I keep hearing the old line, “Americans Aren’t Into Small Cars” from these stock “analysts” that always seem to be quoted in stories about GM, and especially Chrysler’s deal with Fiat.

As I look out my window in downtown San Diego, I just don’t see that.
What I see are lots of SUVs and lots of small cars. The good news for Detroit? I see Ford Fusions. I see Pontiac Vibes, old Saturns, a Neon here and there, an older Pontiac Grand Am. I almost never see a Chevy Cobalt. I’m seeing more and more Ford Fusions and even a few Mercury Milans.
The good news for US auto workers? I see Toyota Corollas, Honda Civics, Subarus, the Mazda 6, Nissan Sentras and Altimas, all built right here in the good ol’ USA.
I almost never see the big cars the auto “experts” say Americans want… the Chevy Impala or Malibu, Chrysler 300 or Dodge Charger, Ford Taurus, Lincolns or Cadillacs. There are lots of Camrys and Accords running around, and they’re built in the USA too.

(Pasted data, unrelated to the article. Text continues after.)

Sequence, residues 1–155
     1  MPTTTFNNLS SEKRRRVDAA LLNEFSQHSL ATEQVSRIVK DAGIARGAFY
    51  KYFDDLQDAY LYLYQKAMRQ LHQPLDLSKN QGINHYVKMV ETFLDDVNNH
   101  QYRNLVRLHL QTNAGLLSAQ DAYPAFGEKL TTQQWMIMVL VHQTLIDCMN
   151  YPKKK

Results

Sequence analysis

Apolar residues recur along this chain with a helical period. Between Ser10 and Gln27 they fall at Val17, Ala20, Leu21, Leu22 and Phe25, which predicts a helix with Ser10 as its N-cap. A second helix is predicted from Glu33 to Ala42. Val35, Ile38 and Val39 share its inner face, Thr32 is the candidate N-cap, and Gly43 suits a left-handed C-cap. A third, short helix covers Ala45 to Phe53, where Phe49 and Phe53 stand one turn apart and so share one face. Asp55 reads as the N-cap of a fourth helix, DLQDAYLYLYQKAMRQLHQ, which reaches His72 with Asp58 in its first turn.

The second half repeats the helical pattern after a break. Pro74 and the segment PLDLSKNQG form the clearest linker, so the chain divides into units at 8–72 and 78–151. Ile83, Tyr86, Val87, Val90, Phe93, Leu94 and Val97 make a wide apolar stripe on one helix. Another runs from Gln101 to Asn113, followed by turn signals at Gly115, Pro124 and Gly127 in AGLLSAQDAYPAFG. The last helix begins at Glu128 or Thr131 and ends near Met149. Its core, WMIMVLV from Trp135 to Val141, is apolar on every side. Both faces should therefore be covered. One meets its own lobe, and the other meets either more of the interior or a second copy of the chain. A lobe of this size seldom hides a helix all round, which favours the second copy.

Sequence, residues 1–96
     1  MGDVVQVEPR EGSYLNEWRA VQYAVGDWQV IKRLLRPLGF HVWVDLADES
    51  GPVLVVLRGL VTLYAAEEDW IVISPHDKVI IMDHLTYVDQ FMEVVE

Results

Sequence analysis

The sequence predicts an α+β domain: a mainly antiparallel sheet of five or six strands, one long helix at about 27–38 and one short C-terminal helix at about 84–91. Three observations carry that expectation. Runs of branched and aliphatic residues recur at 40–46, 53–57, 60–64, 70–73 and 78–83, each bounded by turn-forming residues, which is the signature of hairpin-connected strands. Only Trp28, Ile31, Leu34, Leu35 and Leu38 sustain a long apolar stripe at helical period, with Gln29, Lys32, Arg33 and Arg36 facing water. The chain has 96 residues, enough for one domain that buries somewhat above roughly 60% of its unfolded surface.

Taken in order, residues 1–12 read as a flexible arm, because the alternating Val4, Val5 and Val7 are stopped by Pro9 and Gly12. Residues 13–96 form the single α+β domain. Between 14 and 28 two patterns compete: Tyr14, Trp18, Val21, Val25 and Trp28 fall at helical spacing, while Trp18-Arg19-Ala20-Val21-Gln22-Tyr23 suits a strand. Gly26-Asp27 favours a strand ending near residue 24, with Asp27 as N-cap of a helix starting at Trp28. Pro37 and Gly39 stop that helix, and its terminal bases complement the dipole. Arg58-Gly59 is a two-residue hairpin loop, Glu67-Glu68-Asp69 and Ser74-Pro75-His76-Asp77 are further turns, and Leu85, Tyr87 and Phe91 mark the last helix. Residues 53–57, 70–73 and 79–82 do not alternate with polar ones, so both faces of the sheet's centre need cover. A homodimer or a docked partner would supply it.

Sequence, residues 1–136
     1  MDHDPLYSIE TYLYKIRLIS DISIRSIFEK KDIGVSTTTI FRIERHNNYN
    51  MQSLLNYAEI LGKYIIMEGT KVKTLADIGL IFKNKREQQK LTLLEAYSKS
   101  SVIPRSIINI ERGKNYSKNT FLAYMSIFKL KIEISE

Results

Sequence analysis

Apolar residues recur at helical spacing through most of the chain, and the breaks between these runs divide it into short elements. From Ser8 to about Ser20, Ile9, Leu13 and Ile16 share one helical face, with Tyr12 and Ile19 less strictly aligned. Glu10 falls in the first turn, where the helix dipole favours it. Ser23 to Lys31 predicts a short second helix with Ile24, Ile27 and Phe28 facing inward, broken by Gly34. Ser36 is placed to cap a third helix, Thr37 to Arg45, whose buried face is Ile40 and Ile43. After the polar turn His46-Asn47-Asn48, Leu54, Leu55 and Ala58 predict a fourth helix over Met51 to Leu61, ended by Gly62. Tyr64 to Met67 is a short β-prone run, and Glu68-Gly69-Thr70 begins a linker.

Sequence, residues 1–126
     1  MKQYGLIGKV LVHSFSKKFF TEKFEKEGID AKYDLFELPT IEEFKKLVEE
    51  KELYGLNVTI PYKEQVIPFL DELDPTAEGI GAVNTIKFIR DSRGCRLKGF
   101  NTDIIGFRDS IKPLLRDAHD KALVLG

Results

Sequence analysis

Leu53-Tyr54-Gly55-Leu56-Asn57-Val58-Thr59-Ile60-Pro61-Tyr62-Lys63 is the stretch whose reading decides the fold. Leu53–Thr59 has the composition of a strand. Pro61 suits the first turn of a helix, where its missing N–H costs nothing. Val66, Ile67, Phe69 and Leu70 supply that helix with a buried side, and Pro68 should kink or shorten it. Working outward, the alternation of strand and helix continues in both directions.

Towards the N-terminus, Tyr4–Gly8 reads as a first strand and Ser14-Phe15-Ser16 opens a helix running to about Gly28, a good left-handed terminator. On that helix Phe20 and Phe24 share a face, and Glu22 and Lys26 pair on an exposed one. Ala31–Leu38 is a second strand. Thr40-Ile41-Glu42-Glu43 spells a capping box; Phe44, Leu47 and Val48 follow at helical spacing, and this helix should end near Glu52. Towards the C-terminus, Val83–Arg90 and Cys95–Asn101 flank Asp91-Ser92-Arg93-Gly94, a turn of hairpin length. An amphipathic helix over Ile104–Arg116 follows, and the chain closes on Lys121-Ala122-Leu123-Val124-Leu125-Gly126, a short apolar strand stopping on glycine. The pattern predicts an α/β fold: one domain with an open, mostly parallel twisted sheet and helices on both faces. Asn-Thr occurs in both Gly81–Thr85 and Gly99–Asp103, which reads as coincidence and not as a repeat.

Management of offshore auto companies know they have to have a variety of models and have put development and marketing money into these cars. They create a brand and then keep it up. Detroit for years has done what Ford did with the Taurus or GM did with Saturn… spend billions to create and market and make it a popular item, then let id wither on the vine so it turns into a has-been. Since the 70s, Chevrolet has marketed its small car under several names — Chevette, Cavalier and now Cobalt. Honda’s only had the Civic.
So, do Americans like small cars? I’m going to look up the numbers for a future post, but my guess is a million or more subcompact cars were purchased in the US this year. Almost none of them from American-based companies. Here’s a release from Honda talking about the 1.4 million cars they built in North America.
So, “auto industry analysts” — whattya say to that?


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